Every day, I often get calls too many prospects, especially well educated ones, literally trying to know “dream” features financial products. They are so much excited to know the high illusive rate of return about their investment. Though the pursuit of higher investment returns may make a positive difference in our outlook as we do hope, there are other things you can do that are more certain as you don’t have to rely on hope and just as effective. Instead of that you should consider a planning for your financial future which is a balancing act rather than a single-minded pursuit of the highest return. Real planning requires thought, frequent course corrections and, above all, an effort to keep thing in balance. Rate of return is only one relatively small part of the planning but finding the rate of return as the balance is a different process for everyone. Hence, no replicate investment portfolio would match with your aspirations. Since your goals are unique, your financial situation is different, what might be right for you as could be a disaster for someone else. Moreover the specific investments you choose probably would not determine your financial prospects. The best investments for you depend on personal factors such as your financial goals, your overall risk profile, your existing investments, your loan liabilities… This list is endless. Financial products including like bank FDs, PPF, NSCs and insurance policies as well as mutual fund investments should be judged on how well they help you reach your goals, not getting highest return.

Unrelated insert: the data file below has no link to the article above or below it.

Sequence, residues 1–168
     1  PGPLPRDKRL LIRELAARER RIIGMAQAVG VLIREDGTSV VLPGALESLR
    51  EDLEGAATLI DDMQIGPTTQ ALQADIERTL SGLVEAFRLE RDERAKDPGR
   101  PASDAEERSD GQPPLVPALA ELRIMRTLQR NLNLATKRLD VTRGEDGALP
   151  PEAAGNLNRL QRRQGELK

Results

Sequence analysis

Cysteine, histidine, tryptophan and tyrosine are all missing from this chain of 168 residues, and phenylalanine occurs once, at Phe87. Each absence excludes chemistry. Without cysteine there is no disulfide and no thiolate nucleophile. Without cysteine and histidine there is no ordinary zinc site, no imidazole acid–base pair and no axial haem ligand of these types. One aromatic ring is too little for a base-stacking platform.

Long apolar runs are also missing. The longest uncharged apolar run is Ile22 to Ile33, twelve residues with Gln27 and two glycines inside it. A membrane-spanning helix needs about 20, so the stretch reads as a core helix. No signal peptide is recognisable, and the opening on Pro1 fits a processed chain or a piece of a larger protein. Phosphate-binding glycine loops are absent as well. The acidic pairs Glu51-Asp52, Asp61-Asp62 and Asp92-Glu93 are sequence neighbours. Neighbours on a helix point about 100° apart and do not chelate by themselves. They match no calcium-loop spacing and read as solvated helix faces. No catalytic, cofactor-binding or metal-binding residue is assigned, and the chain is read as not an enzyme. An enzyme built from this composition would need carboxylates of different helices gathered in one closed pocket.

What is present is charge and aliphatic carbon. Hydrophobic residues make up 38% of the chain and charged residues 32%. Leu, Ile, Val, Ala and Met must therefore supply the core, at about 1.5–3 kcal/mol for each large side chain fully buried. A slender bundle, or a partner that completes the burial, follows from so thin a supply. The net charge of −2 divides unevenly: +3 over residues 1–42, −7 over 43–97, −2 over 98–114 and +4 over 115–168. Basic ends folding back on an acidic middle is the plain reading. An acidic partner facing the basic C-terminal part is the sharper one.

Are you collector or Investor